Co-Founder of LPGA & Popular Owner of Michigan Golf Destination Pass Away

Bettye Danoff, one of the 13 founders of the Ladies Professional Golf Association, and Ron Otto, the man who helped put Michigan's Garland Resort on the national map, have died.

In a statement, the LPGA revealed that Mrs. Danoff passed away in Texas on Thursday at age 88. Known by her fellow pros as "Mighty Mite" because of her diminutive size - the 5' 2" dynamo weighed less than 100 pounds. Mrs. Danoff was the first player to bring her children, three daughters - Kaye, Janie and Debbie, to tournaments and became the LPGA's first playing grandmother.

"Bettye really did make a difference, in the world of golf - and all of us are living proof," LPGA Commissioner Mike Whan said in a statement on the association's website. "Because of her courage, and the vision/belief of many others that followed our Founders, we all get to participate in a fantastic business and game."

The Dallas native began playing golf at age 6 after her parents opened a driving range and nine-hole course. She won four straight Dallas Women's Golf Association Championships from 1945 to '48. In 1947, Mrs. Danoff defeated Babe Zaharias in the Texas Women's Open, ending Babe's 17-tournament winning streak.

After turning pro in 1949, Mrs. Danoff would often bring along her daughters for competitions. There was no childcare for LPGA players on the road at that time. "I remember traveling for five consecutive tournaments with her while she played," said Debbie Bell, Mrs. Danoff's youngest daughter.

"She was often frustrated because she had to find friends and people to help watch us while she competed."

According to the LPGA's statement (, in 1961 Mrs. Danoff's husband, Dr. Clyde Walter Danoff, died suddenly. After that and through the mid-1970s she played only in tournaments in Texas and Oklahoma and taught golf.

In 1962, Mrs. Danoff made her first hole-in-one at a tournament in Austin, and her award was a case of beer.

Garland's Visionary

Ron Otto passed away in Florida after a short battle with cancer. Mr. Otto took Garland Lodge & Resort in Lewiston, Mich., from a small getaway spot to a burgeoning, four-star destination that now contains four 18-hole golf courses along with the largest log building east of the Mississippi River; a hotel; golf cottages and villas; restaurants; various recreational amenities; and home sites.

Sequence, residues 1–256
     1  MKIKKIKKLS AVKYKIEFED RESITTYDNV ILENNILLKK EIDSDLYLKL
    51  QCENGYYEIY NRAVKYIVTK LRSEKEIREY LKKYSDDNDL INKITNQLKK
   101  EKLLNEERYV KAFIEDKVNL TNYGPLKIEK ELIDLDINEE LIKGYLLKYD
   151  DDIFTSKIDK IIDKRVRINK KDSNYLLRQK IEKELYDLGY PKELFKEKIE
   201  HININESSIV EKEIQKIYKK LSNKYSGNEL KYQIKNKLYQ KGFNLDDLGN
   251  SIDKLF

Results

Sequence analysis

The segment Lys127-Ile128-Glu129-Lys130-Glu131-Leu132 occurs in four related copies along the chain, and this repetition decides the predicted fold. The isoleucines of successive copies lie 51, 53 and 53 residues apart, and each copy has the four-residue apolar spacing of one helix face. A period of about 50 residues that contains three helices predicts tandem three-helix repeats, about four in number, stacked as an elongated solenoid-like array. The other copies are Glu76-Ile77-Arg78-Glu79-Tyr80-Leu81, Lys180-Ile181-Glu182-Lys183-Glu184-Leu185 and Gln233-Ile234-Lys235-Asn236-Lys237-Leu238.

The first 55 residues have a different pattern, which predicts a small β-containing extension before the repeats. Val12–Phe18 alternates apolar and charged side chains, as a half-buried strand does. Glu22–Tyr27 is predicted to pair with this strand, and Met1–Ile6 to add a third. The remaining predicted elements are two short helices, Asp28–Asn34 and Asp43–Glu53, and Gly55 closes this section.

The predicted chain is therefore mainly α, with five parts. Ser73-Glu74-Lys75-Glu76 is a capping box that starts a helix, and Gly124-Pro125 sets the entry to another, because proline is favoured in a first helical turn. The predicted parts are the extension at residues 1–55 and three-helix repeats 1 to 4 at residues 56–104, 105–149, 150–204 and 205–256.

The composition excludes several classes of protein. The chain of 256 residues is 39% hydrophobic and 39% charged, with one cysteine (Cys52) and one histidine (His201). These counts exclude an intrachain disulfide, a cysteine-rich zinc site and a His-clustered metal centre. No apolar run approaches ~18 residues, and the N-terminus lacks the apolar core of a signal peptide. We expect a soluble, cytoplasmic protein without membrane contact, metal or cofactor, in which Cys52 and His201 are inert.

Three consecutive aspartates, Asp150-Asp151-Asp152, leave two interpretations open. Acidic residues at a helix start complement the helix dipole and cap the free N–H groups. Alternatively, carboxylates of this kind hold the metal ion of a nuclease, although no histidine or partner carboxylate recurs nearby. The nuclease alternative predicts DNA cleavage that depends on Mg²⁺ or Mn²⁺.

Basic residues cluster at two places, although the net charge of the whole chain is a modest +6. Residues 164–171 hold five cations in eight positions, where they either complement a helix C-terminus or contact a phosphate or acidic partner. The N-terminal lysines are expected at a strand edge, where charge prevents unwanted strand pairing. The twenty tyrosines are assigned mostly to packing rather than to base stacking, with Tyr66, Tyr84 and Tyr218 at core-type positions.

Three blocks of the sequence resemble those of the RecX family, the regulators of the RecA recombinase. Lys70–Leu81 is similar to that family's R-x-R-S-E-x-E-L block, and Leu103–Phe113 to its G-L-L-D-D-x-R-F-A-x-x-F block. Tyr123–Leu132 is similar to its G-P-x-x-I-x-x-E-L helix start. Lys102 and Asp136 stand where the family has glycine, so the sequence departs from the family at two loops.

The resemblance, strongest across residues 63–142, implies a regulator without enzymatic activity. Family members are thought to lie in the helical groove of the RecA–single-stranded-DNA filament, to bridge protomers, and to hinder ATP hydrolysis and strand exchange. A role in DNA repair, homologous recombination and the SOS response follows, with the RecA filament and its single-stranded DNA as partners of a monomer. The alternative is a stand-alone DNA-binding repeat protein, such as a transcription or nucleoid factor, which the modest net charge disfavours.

Mr. Otto's father, German-born Herman Otto, began the family-owned Garland with nine holes in 1951 as a getaway spot for family, friends and employees of his Detroit-based company, Garland Manufacturing. Ron Otto took over the reins from his father in 1986. In a 2001 story in Michigan Golfer (, young Otto remembers when his father started building the nine-hole course. "It was a family project. I wasn't old enough to drive yet, but I was going around to area farms with an old truck gathering stone for walls on the property.

"When we first came up to look at the property a bunch of equipment was busy in the middle of this big field. My mother asked what was going on, to which my father replied, 'They are building a golf course.'

"My mother's response was, 'Who would be crazy enough to build a golf course way up here?' My father said, 'Me.' "

The original nine-hole course was built on a portion of the family's 440 acres; it opened to the public in the early '60s. Another nine holes were added in 1973. Through the subsequent acquisition of land, the resort now encompasses nearly 3,500 acres and offers four regulation-length 18-hole courses, all designed by Ron Otto.

Mr. Otto assumed management of the resort in 1986. "I had just sold my other business and we were in the process of redoing our golf course layout and opening Swampfire, which was our new 18-hole course at the time," he told Michigan Golfer. "It was going to be a hobby. I got carried away, and look what we've got today.

"My father thought I was crazy to develop the resort. I had a successful garage door business at the time, and he couldn't see the vision I could for Garland."

Mr. Otto wanted to add a fifth course at Garland and even discussed the idea with Herb Kohler, who owns the American Club (Whistling Straits, Black Wolf Run, etc.) in Wisconsin. Unfortunately, the economy soured and Mr. Otto was forced to sell his beloved Garland in 2009.

"Ron Otto was a very unique man and unlike anyone I have ever known," said Jim McIntyre of Loon River Productions, a Traverse City, Mich., public-relations firm that worked with Mr. Otto. "Truly a visionary . . . Ron's ability to surround himself with great people was one of his greatest attributes. I am grateful to have known him and to have been a part of it."

In 2007, Mr. Otto received the Matthews Lifetime Achievement Award from the Michigan Golf Course Owners Association.

Mr. Otto was in his early 70s at the time of his passing. Memorial arrangements are pending.